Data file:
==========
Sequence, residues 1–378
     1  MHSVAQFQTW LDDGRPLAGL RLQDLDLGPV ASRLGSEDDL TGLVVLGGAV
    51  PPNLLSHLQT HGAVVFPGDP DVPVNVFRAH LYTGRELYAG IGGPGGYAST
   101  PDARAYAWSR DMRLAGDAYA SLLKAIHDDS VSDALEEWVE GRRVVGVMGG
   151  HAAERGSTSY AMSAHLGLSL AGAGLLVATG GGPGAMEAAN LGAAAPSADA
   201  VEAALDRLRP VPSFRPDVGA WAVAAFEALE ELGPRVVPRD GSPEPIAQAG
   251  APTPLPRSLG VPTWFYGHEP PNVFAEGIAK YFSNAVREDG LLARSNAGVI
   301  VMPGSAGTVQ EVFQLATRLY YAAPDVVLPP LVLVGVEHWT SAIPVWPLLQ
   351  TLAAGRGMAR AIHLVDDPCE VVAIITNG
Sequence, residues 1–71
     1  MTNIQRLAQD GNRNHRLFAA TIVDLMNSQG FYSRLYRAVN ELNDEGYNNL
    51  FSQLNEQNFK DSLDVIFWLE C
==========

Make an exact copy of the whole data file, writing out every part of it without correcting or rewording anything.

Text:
Sequence, residues 1–378
     1  MHSVAQFQTW LDDGRPLAGL RLQDLDLGPV ASRLGSEDDL TGLVVLGGAV
    51  PPNLLSHLQT HGAVVFPGDP DVPVNVFRAH LYTGRELYAG IGGPGGYAST
   101  PDARAYAWSR DMRLAGDAYA SLLKAIHDDS VSDALEEWVE GRRVVGVMGG
   151  HAAERGSTSY AMSAHLGLSL AGAGLLVATG GGPGAMEAAN LGAAAPSADA
   201  VEAALDRLRP VPSFRPDVGA WAVAAFEALE ELGPRVVPRD GSPEPIAQAG
   251  APTPLPRSLG VPTWFYGHEP PNVFAEGIAK YFSNAVREDG LLARSNAGVI
   301  VMPGSAGTVQ EVFQLATRLY YAAPDVVLPP LVLVGVEHWT SAIPVWPLLQ
   351  TLAAGRGMAR AIHLVDDPCE VVAIITNG
Sequence, residues 1–71
     1  MTNIQRLAQD GNRNHRLFAA TIVDLMNSQG FYSRLYRAVN ELNDEGYNNL
    51  FSQLNEQNFK DSLDVIFWLE C